Honored to have worked with an amazing crew of photographers, researchers, writers, archivists, faculty, administrators, donors, staff in writing this book for Belmont University's 125th history. Fun to see Brad Paisley here pitching his alma mater.
Amarillo By Morning....
Despite the shot below in which the author appears to have gone fully off the rails, Joy loved getting to know the students, faculty and administration of Amarillo College, and talks here on the Panhandle's PBS station about her fiction, the experiences that inspire particular scenes, about racism and moral courage, and about the writing life.
On radio station FM90, Amarillo College Presidential Scholars hosted a discussion on Blue Hole Back Home and about their academic theme for the 1014-15 Academic Year, "Defining Moral Courage."
An Article from the Amarillo Globe-News by Michael Haynes
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Readership book not preachy
Posted: November 7, 2014 - 8:17pm
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Joy Jordan-Lake may or may not have intended for feet to be symbolic, but they are kind of obvious on the covers of two of her books.
The paperback of her 2008 novel, “Blue Hole Back Home,” shows two sets of bare feet dangling down from a dock over a swimming hole. One set of feet and shins is shiny white, while the other is a little darker.
That photograph illustrates a theme of the book that is Amarillo College’s Common Reader this year, a story that won the 2009 Christy Award for best first novel.
The Christy Awards go to books written from a Christian worldview, but don’t even think of “Blue Hole” as anything preachy.
Like the teenage character Jimbo, who’s a preacher’s kid in the story, Jordan-Lake’s beautifully written work presents any spiritual concepts subtly.
Jimbo is part of a handful of southern white teens who, some less reluctantly than others, welcome newcomer Farsanna into their group of friends in the summer of 1979.
Farsanna, whose skin is darker than theirs, has moved to their rural community with her family from Sri Lanka.
Showing his church background — as Jordan-Lake reveals her own — Jimbo said things like, “Gotta go barefoot on holy ground,” when the teens make their first visit with Farsanna to their beloved swimming hole, the Blue Hole of the title.
Beyond throwaway lines like that, Jimbo hints at real spiritual insight with comments such as “Ain’t none of us harmless.”
I suspect Jimbo had heard his dad preach on Romans 3:23.
The book, based on various real incidents in the author’s growing-up time in the South, makes it clear that racial hatred still was flaring up in the late 1970s, years after civil rights supposedly had been achieved. The word “Ferguson” reminds us that there still are lessons we haven’t learned.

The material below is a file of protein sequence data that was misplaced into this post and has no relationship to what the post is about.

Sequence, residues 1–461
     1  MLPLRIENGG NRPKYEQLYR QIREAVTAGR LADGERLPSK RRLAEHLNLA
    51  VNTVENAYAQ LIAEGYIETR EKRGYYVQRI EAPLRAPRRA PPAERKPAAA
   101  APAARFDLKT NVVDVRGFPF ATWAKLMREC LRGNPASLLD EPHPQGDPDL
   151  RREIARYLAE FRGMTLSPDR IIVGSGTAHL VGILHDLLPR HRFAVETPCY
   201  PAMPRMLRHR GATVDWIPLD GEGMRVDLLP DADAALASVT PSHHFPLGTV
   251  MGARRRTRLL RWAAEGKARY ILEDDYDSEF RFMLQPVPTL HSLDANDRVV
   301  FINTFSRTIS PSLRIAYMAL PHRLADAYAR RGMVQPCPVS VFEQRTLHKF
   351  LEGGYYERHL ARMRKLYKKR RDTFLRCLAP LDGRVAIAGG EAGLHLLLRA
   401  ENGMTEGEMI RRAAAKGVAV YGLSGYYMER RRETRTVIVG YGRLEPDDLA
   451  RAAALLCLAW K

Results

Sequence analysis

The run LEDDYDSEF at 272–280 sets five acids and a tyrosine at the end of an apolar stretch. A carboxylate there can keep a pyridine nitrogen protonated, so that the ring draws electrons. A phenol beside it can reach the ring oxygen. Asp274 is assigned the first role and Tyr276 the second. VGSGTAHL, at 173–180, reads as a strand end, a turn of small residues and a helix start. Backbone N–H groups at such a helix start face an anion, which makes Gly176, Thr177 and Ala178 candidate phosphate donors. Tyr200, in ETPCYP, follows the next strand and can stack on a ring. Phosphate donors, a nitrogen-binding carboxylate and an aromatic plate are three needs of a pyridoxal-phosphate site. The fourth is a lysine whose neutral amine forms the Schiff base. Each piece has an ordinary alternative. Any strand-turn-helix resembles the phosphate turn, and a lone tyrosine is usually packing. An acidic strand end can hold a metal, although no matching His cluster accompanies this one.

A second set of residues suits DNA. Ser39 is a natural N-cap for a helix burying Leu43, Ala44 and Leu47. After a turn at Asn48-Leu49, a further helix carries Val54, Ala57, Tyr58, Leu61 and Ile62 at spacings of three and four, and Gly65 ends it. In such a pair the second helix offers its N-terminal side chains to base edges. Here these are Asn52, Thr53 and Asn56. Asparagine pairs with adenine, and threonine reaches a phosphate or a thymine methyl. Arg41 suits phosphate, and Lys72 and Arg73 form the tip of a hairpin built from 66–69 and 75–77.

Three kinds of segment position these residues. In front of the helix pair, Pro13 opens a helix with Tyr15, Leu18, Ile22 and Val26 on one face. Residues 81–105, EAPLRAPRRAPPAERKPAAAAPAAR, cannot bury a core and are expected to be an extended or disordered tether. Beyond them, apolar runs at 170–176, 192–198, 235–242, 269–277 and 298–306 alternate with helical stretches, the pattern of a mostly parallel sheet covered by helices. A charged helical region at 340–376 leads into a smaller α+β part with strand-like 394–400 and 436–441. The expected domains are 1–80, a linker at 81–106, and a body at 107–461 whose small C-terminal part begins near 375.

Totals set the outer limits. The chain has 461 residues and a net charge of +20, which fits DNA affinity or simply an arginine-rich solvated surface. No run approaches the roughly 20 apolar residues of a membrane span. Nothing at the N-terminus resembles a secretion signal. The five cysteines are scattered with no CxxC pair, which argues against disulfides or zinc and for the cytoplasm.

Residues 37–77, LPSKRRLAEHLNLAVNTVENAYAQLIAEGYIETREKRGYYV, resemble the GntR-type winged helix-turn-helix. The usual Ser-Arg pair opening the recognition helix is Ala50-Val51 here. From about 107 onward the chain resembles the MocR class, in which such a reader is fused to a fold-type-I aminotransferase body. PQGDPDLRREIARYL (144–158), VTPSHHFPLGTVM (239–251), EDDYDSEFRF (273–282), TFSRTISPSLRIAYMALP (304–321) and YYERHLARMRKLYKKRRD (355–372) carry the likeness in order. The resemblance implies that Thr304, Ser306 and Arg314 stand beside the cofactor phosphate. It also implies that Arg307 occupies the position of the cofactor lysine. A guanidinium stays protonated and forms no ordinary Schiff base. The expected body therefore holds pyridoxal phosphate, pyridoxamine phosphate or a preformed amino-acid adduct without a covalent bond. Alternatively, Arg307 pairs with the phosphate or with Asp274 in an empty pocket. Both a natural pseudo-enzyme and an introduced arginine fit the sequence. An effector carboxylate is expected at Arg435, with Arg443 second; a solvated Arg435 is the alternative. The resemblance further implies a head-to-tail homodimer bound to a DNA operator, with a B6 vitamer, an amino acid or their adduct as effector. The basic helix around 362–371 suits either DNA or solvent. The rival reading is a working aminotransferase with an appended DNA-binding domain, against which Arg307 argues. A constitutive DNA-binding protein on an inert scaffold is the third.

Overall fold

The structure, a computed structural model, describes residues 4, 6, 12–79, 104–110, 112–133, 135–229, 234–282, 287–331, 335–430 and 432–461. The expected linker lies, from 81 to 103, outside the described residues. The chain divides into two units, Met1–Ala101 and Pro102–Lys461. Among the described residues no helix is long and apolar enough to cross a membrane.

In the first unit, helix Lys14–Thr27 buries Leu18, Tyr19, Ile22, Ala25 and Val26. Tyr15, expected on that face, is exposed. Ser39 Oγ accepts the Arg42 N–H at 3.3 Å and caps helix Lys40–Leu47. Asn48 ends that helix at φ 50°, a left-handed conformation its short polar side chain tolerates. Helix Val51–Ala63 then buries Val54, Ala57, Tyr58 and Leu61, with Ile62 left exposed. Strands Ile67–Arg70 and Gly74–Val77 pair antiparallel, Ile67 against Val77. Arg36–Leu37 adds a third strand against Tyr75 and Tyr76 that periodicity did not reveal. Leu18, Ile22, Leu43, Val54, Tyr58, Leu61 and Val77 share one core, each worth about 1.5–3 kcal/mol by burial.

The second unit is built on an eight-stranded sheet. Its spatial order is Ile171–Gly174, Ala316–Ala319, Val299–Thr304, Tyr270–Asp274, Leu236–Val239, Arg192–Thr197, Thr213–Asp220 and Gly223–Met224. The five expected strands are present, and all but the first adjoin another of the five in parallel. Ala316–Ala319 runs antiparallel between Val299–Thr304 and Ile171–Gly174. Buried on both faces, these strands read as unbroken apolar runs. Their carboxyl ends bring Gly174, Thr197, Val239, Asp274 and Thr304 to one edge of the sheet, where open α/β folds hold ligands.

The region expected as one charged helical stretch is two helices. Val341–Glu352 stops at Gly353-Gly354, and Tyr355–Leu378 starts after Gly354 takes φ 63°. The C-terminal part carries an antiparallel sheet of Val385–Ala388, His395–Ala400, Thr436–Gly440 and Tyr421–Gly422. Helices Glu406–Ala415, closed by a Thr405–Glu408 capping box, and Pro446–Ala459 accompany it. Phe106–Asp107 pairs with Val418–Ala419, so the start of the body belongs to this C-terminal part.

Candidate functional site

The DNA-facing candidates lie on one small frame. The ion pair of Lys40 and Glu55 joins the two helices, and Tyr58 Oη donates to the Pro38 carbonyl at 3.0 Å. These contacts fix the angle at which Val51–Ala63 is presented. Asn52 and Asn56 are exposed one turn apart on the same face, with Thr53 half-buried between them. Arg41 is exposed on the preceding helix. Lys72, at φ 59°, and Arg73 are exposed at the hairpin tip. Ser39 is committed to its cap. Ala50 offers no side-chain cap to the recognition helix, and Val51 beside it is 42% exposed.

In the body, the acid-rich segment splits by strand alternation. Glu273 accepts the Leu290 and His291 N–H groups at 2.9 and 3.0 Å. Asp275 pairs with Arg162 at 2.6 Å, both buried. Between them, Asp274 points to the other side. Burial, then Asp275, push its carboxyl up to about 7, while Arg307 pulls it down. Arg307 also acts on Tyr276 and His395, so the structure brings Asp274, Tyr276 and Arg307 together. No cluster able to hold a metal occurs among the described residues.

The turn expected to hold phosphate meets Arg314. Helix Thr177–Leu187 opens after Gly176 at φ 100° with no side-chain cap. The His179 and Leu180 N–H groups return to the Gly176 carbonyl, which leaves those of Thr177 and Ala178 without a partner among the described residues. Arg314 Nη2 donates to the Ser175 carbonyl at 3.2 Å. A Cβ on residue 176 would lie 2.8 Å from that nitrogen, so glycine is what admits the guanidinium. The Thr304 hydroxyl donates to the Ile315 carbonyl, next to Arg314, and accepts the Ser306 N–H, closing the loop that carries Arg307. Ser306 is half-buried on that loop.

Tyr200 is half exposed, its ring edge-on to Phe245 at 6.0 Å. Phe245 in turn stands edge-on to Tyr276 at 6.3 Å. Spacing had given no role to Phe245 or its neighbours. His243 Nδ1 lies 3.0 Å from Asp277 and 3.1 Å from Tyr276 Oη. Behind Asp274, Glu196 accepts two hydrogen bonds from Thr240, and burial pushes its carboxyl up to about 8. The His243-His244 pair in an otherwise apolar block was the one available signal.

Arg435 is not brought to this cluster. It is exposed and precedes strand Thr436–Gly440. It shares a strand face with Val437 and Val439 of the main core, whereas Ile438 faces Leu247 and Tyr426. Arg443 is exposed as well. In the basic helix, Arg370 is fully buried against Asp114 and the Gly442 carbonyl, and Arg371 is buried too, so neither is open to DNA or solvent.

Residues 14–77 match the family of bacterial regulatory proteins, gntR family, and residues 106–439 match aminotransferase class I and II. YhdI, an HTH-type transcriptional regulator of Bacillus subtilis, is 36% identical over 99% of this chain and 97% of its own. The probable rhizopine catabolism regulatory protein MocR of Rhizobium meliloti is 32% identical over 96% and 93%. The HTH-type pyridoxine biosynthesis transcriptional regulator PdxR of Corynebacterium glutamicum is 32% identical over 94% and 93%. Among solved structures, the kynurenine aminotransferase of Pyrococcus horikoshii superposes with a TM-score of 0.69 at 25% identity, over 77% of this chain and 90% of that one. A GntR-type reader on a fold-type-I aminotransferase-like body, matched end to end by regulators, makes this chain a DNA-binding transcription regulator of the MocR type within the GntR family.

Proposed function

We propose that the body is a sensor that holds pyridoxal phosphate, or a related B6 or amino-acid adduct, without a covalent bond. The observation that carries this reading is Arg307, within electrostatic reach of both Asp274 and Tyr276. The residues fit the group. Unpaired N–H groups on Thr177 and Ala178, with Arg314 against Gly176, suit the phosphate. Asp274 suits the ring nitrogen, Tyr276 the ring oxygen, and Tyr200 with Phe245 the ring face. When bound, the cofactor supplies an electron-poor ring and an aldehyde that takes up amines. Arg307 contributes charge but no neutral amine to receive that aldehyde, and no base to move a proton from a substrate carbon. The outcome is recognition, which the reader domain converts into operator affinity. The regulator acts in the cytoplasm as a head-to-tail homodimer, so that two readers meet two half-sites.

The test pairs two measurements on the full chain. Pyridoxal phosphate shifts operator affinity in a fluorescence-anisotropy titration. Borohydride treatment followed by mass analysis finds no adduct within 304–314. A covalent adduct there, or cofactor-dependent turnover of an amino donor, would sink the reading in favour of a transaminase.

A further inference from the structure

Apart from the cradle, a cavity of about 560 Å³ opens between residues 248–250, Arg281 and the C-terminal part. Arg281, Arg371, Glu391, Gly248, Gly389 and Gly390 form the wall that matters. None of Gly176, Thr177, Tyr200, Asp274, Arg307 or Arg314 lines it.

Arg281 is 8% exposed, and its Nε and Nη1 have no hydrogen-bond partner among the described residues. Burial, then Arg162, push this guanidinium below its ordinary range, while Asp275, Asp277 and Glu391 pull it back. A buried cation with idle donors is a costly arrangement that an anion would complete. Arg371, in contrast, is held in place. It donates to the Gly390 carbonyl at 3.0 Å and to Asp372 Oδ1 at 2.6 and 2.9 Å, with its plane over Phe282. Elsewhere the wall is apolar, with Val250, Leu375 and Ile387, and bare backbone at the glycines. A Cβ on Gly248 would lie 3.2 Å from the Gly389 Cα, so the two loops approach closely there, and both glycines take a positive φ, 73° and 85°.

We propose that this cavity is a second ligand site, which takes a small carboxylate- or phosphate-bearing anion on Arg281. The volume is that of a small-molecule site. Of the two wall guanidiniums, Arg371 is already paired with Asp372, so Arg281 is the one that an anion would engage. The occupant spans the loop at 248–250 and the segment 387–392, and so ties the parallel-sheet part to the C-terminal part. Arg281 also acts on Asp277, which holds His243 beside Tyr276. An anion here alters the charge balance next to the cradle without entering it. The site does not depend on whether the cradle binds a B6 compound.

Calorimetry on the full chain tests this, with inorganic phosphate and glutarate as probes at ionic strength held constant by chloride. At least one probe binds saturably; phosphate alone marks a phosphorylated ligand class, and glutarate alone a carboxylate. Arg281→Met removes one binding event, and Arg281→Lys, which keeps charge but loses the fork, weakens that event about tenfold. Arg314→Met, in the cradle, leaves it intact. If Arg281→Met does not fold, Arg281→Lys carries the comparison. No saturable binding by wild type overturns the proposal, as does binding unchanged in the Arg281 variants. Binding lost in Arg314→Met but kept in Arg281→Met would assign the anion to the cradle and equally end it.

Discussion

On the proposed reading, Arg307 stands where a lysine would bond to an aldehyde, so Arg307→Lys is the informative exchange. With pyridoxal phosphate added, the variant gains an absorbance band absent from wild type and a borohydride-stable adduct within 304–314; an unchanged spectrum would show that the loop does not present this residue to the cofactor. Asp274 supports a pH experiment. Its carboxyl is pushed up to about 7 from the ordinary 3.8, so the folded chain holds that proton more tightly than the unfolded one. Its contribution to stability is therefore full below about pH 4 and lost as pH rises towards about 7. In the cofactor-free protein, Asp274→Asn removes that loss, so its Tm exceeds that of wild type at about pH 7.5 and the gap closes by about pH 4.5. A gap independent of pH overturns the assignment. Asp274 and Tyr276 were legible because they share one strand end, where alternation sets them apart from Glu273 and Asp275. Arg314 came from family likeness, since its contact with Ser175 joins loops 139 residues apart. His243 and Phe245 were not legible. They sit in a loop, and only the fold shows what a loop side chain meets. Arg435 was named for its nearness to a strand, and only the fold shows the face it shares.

The main character is Shelby Lenoir, nicknamed Turtle, a tomboyish girl who first invites Farsanna into the back of the group’s pickup. Turtle has genuine empathy for “the new girl” but admits to herself that she hesitates to get involved when some nasty things happen.
In Jordan-Lake’s other book with feet on the cover, she also admits that she likes to avoid conflict.
“Why Jesus Makes Me Nervous” was published in 2007. Its cover shows two feet with red nail polish, their toes on the end of a diving board. In a personal, again skillfully written book, Jordan-Lake digs into “Ten Alarming Words of Faith” that Christians throw back and forth every day but that might require more of us than we want to acknowledge.
She writes, “This book attempts to explore just how uncomfortable Jesus can makes things.”
For each of the concepts – “resurrection,” “peace,” “worship,” “hope” and more – she uses her own experiences to illustrate how Christianity requires more than nice words; it means getting your hands dirty and helping people.
Jordan-Lake’s background gives her a rich trove of knowledge and experience to write about. She grew up in Tennessee and worked in Boston. She has a seminary degree and a doctorate in English literature. She has talked about writing at a C.S. Lewis seminar in England and to the Panhandle Professional Writers in Amarillo.
At 6 p.m. Monday, she will discuss the creative process in the College Union Building on AC’s Washington Street Campus, and at 7 p.m. Tuesday, she will talk about “Moral Courage,” AC’s theme for this year, at the Globe-News Center for the Performing Arts. Both events are free and open to the public.
Moral courage certainly is at the forefront of “Blue Hole Back Home” as young people cope with prejudice, from a high school kid spitting tobacco juice at the new girl’s feet to adults donning white cloaks and hoods. Jordan-Lake manages to weave in wisdom from the 1600s — John Donne’s poetry — to the 1960s — the Beatles: “I was alone, I took a ride, I didn’t know what I would find there.”
That lyric certainly fits the teenage Turtle, and Jordan-Lake’s writing inspires us to put our feet on the ground and follow Jesus’ example.
Mike Haynes teaches journalism at Amarillo College. He can be reached at AC, the Amarillo Globe-News or haynescolumn@hotmai
l.com. Go to www.haynescolumn
.blogspot.com for other recent columns.
Speaking at "Writer's Read," hosted by Eastern Mennonite University in Virginia